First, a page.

Dottie Sandusky Pens Shocking Letter To JudgeBy: Amanda Crum - October 12, 2012
Dottie Sandusky, wife of convicted child molester Jerry Sandusky, wrote a letter to Judge John Cleland after her husband was convicted of 45 counts of child sex abuse earlier this year; now, her words have been released to the public, and they are shocking to many who view the couple as victim-blamers.
In the letter, Dottie defends her husband and herself, saying that if she had witnessed any wrongdoing on his part, she would have stepped up and said something. While that’s not entirely surprising, what has everyone reeling is the accusations she levels against their adopted son, Matt–who is one of Sandusky’s accusers–and against the young men who came forward with their stories, saying Sandusky never did anything but go out of his way to help them. In defending her husband, she comes off sounding bitter at these boys who seem to be ungrateful for everything the couple did for them, and that could be a problem for her once the letter makes its rounds on the web.
Dear Judge Cleland:
I am Dottie Sandusky, Jerry Sandusky’s wife of 46 years in September. It is with a heavy heart I write this to you. I have known Jerry for 47 years and he has always been truthful with me, even if it hurt. He is a very up front man and a man of very high morals.
Jerry always put others before himself and always wanted to make each person feel special no matter who they were. Like all of us he has his faults, one is he cares so much for people always wanting them to reach their potential. Therefore he pushes them hard. One 42 year old man who was in the Second Mile stopped by the other day and told me how thankful he is to Jerry for pushing him to be the best he could be. He said, “What I learned from Jerry has made me a better husband and father.” This is a young man who had many strikes against him.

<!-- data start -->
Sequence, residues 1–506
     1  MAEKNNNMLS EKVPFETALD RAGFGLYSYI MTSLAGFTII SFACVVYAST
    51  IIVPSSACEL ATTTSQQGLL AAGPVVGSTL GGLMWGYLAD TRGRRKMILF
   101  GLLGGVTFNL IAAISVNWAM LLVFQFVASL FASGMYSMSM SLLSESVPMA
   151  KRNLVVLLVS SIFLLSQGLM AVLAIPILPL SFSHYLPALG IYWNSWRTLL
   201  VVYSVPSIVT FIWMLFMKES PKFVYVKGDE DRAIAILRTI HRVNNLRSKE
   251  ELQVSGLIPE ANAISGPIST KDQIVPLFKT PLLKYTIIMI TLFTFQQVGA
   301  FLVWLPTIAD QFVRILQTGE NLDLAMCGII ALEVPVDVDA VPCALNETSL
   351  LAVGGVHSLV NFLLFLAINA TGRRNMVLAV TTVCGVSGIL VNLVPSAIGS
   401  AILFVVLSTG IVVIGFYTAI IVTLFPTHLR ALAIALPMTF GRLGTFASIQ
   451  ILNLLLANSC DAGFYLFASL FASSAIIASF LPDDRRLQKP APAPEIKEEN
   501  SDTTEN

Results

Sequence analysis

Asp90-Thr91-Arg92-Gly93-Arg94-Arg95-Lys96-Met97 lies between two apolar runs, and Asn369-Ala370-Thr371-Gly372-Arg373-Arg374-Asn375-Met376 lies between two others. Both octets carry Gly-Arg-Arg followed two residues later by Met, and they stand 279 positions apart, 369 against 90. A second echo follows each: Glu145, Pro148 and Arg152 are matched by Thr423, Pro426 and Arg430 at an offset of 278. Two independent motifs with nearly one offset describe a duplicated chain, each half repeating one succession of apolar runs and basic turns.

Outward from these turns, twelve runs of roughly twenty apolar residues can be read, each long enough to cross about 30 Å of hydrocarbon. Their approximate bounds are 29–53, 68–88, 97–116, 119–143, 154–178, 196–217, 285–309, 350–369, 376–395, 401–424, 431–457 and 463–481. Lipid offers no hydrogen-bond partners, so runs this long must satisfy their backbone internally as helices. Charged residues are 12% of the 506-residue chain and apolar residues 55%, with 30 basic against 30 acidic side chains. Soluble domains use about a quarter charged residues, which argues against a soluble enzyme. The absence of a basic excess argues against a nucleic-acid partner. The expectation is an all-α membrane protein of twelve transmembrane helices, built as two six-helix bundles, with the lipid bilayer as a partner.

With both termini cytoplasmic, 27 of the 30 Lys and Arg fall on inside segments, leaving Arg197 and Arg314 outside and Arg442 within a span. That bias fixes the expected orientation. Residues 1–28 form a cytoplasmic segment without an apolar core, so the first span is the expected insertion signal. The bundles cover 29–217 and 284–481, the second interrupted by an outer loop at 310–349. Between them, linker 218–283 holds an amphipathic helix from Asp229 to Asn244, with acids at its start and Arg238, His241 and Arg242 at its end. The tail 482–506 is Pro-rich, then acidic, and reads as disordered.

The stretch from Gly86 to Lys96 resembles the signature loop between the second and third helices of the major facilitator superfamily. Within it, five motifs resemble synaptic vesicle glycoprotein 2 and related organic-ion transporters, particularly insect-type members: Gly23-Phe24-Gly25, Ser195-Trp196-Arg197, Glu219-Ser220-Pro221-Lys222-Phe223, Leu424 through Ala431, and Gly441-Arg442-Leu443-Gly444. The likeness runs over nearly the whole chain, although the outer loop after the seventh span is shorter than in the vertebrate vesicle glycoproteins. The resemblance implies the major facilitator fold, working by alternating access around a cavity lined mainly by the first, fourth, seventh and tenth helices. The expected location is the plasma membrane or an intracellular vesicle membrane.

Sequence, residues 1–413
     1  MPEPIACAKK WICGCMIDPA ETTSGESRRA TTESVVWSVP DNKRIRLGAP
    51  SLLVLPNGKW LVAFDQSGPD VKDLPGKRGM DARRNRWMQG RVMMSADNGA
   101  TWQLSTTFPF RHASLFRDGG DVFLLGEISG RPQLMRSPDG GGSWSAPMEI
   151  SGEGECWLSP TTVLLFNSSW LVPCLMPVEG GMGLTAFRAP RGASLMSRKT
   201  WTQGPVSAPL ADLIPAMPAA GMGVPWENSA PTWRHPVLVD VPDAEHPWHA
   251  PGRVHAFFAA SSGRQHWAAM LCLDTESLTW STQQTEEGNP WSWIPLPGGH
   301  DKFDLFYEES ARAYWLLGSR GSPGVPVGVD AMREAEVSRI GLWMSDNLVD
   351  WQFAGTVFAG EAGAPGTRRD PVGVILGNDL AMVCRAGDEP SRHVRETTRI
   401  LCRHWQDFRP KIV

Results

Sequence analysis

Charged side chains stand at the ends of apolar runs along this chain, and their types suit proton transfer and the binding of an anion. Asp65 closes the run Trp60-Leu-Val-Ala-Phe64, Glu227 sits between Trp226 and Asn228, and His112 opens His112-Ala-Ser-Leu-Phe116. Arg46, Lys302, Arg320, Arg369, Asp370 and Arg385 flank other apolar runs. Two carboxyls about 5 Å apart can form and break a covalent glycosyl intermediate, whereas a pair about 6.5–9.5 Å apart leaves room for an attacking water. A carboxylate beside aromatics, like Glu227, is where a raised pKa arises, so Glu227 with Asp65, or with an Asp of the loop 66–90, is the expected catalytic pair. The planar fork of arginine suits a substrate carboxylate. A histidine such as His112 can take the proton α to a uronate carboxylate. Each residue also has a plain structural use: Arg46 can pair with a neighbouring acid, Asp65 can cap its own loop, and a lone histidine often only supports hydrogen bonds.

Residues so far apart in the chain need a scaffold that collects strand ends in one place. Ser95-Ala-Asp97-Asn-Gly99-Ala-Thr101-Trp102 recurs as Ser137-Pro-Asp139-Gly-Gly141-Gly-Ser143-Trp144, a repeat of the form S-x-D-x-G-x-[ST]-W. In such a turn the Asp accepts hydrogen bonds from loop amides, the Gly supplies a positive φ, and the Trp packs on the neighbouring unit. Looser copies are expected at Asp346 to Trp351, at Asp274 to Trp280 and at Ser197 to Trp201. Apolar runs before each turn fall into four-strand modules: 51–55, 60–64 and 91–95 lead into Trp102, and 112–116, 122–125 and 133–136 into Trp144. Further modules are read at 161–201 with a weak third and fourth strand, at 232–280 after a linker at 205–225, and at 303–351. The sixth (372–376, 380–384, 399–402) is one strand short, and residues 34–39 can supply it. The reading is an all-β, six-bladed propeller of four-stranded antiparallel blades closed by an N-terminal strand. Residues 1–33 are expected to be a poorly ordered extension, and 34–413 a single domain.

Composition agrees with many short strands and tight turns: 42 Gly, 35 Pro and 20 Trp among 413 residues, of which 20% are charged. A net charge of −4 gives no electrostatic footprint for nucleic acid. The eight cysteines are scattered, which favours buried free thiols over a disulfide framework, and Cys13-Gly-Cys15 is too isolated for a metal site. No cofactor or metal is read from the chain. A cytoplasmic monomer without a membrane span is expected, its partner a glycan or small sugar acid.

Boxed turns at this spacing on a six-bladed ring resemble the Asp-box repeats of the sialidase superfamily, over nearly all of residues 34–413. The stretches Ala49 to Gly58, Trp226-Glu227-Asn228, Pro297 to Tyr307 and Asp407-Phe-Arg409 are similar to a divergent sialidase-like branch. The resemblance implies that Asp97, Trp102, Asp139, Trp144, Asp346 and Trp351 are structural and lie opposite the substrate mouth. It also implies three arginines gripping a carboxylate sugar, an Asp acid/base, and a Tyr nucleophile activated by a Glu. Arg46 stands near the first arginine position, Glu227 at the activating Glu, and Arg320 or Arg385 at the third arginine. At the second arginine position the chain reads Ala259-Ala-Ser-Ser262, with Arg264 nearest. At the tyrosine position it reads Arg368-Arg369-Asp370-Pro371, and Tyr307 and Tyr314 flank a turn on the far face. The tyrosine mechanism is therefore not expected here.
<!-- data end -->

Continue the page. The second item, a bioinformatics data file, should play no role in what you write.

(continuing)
Jerry was a wonderful father to our six children. We thank God each day for bringing them into our life. He treated each one as if they were our biological children. Our house was a fun house with lots of games, picnics, laughs and caring. There were always lots of people around whether it was friends of our kids, Second Mile kids or neighbors.
I never saw him doing anything inappropriate to any child, if I had, as a Mother and Grandmother I would have taken action. Jerry is not the monster everyone is making him out to be.
Many times he would give up much of his free time, which was not many hours when he was a coach, to make a sporting event of one of the kids he was trying to help. Sometimes we would drive two hours to spend time with these kids.
One of the accusers called Jerry and said he could not do his school work because his computer broke and Jerry found a used computer that someone was not using and gave it to him. Fact is most of the things he gave to the accusers were used or given to him by people who wanted to help these young men.
I use to believe in our protective system, but now have no faith in the police or legal system. To think that they can lie and get by with the lies. The press has been unbelievable. People who have not met us are writing untruths.
As far as our son Matt goes, people need to know what kind of person he is. We have forgiven him many times for all he has done to our family thinking that he was changing his life, but he would always go back to his stealing and lies. He has been diagnose with Bipolar, but he refuses to take his medicine. He has had many run-ins with the law and stolen money and items from our family. We still love him and want the best for him, but because of his actions we cannot express this to him.
I pray each day that God will give me the strength to do what is right and that I will be able to hold our family together.
Thank you for listening.
Dorothy D. Sandusky
Sandusky wrote his own letter, which had a similar tone: “Nobody mentioned the impact of abandonment, neglect, abuse, insecurity and conflicting messages that the biological parents might have had in this.”
“Sentencing is a time to ask for mercy, not to attack others,” said Laurie Levenson, a former federal prosecutor. “In my experience, judges really hate letters that try to shift the blame to others or which belittle the victims or the court.”